Eating should be a simple exchange. So why do even the smartest brains overcomplicate it? Alix Walker reports
I have always had an intense relationship with food. I think about it all day. Porridge versus bagel for breakfast. Then what’s for lunch? (Deliberations begin around 11.13am and woe betide a bad lunch decision. A soggy supermarket salad caused fury yesterday). Will a 4pm donut tip me into a cycle of ‘bad’ food for the rest of the week? Or will donut resistance have me clean eating and munching on bee pollen until my Sunday ‘f*ck it’ day, when I invite friends for a homemade roast, safe in the knowledge I’ll ‘be good’ again come Monday.
I’d even go as far to say that food is like a family member. Sometimes I love it furiously. Sometimes I’m simply furious at it for making me eat it when I really don’t want to. I never, ever forget to eat because that would suggest that food doesn’t pop into my head roughly every seven minutes. Sometimes I don’t eat on purpose.
You see, food is, and always will be, an emotion to me. It’s guilt. It’s happiness. It’s companionship, celebration, sadness, fun, comfort and sacrifice. It’s a million, billion more things than what it actually is: a straightforward transaction of calories in versus energy out. A physiological urge caused by the release of a hormone called ghrelin in your stomach which gives your brain the signal to find food in order to provide your organs with energy. Something which fundamentally keeps you alive.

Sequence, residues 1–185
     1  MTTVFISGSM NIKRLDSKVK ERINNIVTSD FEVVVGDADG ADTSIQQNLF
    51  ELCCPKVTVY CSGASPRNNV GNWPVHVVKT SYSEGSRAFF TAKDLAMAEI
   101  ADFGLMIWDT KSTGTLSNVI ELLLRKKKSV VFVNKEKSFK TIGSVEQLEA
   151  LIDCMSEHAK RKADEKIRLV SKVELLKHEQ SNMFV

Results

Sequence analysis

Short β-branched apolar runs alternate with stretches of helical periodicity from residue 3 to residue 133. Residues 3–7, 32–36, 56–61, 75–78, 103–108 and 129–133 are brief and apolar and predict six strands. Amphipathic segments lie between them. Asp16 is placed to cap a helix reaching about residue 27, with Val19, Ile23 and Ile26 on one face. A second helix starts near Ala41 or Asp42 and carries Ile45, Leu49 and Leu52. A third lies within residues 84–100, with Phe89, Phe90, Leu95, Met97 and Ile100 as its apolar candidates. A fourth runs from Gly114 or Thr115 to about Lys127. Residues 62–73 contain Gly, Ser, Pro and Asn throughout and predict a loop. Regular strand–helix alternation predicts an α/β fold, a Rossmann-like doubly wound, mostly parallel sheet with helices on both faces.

Yet food means more than sating an urge. For so many of us – I’m talking rational, smart, busy women – food is feeling. And as much as we love and gain comfort from eating our favourite foods, and from talking about when and where we’ll be eating next, our relationship with this basic human function remains complex, nuanced and often irrational.
Even those of us who claim to have a completely healthy relationship with food will often, when pressed, have rules, routines and assumed associations with certain food types that are rarely backed by science. Very few of us will have gotten away without feeling, at least a few times in our lives, the guilt that can come with eating too much of something we, or society, doesn’t think we should.